Permanent Open Restaurant Program Proposal Continues Through Public Review Process

Roadway dining in Bay Ridge. Image Credit: NYC DOT

Over 11,000 restaurants are currently participating in the Open Restaurant Program. Earlier this year, Mayor Bill de Blasio announced four citywide zoning amendment proposals to support small businesses, create more grocery stores and improve accessibility in transit. One of the proposals, the permanent open restaurant zoning text amendment, seeks to establish a permanent open restaurant program by removing the geographic restrictions on where sidewalk cafes can be located.

At the start of the COVID-19 pandemic, thousands of restaurants were closed for indoor dining and limited to take-out and delivery. While these restrictions were created in the interest of safety, the loss of revenue from indoor dining impacted the financial health of restaurants citywide.

The Open Restaurant program was established last summer to help restaurants expand or create outdoor dining structures on sidewalks and in the street near curbs for people to spread out and dine safely. Prior to the pandemic, there were just over 1,000 restaurants citywide that had some form of sidewalk cafe, which had to go through an extended review process. The open restaurant program eliminated the lengthy Department of Consumer and Worker Protection review process, which presently includes potential review by Consumer Affairs, the City Council and Community Boards. The program did not require a participation fee. The Open Restaurant program has saved an estimated 100,000 jobs at over 11,000 participating restaurants. The current Open Restaurant program expires at the end of 2022. For CityLand’s prior coverage of the Open Restaurants program, click here.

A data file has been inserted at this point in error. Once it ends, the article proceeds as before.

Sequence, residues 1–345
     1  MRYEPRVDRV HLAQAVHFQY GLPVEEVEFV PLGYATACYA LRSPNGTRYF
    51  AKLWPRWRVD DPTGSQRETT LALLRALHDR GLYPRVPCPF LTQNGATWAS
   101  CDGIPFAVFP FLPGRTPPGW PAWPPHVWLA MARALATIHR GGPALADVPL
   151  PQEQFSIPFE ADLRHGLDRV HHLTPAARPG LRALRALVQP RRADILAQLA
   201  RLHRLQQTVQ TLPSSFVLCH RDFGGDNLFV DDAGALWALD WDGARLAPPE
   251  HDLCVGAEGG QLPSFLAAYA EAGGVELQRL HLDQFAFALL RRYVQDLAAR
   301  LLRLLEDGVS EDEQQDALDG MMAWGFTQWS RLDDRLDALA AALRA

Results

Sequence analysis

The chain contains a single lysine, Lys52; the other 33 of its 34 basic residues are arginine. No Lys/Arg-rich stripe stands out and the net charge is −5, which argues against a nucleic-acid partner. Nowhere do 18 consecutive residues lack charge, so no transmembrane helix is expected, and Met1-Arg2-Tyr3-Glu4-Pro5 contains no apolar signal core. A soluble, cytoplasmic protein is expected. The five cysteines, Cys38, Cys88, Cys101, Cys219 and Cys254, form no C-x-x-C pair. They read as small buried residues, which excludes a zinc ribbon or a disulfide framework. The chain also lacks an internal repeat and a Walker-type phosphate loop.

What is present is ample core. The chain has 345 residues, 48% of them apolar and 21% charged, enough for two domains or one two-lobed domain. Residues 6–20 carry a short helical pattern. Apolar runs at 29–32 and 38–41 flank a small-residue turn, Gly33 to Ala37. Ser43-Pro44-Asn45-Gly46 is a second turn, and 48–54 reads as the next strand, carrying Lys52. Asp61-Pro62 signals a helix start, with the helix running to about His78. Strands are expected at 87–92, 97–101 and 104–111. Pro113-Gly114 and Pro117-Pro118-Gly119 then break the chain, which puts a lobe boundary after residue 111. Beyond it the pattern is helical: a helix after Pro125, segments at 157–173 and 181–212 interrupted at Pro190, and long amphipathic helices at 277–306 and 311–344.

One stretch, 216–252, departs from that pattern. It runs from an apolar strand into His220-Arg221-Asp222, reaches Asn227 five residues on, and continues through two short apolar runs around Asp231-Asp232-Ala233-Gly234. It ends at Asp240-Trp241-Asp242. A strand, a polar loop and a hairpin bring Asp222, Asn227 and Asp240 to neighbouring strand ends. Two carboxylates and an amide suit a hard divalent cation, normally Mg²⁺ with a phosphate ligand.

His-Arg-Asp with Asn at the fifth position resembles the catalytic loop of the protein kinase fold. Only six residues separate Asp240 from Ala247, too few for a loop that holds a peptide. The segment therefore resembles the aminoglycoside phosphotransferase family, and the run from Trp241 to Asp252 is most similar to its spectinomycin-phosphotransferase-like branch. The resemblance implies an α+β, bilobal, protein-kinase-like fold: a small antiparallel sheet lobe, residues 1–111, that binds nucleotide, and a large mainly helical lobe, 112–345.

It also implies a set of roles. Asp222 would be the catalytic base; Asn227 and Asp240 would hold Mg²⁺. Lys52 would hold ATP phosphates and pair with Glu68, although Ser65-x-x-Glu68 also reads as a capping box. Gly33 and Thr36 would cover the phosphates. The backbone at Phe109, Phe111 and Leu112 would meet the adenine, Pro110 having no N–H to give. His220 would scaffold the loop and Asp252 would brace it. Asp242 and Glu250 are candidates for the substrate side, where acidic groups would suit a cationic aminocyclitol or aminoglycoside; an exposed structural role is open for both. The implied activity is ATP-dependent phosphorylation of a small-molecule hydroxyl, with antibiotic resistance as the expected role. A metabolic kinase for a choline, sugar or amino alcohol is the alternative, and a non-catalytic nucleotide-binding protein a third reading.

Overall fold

If approved, the Permanent Open Restaurants Program will allow restaurants to continue to use the sidewalk adjacent to and curbside roadway space in front of the restaurant for outdoor dining. The program will include both sidewalk and roadway cafes and will be administered by the Department of Transportation.

DOT Commissioner Hank Gutman described the program at the City Planning Commission Review session on June 21, 2021. According to Commissioner Gutman, all restaurants with ground floor space are eligible to apply for year-round access to sidewalk or roadway space. The hours of operation must be consistent with what the Department of Consumer and Worker Protection allows for now, which is through midnight on Sundays through Thursdays and until 1 AM on Fridays and Saturdays. Outdoor dining spaces must be ADA compliant and will be subject to clear path and siting criteria and distance from obstructions. For roadway cafes, setups will be allowed in parking lanes except for certain prohibited zones, and the set up must maintain public safety with access to hydrants and visibility of traffic signs.

The Department of Transportation would establish an office to administer the program. Restaurants would be given four-year licenses and can apply online. While there will still be a public review process, it would not be as lengthy as the current public review process for sidewalk cafes prior to the temporary Open Restaurants Program. The details of that public review process will need to be established through changes to agency rules by the Department of Transportation and local law by the City Council.

Currently, the proposal is before local community boards. Community boards have until September 28th to hold hearings and vote on the proposal before the proposal returns to the City Planning Commission for public hearing and approval. In addition to the public review process, the Department of Transportation is still accepting public feedback about the current Open Restaurants Program and will use the feedback to help shape the Permanent Restaurants program.

CityLand plans to follow up with a post that tracks the community board votes.

By: Veronica Rose (Veronica is the CityLaw fellow and a New York Law School graduate, Class of 2018.)



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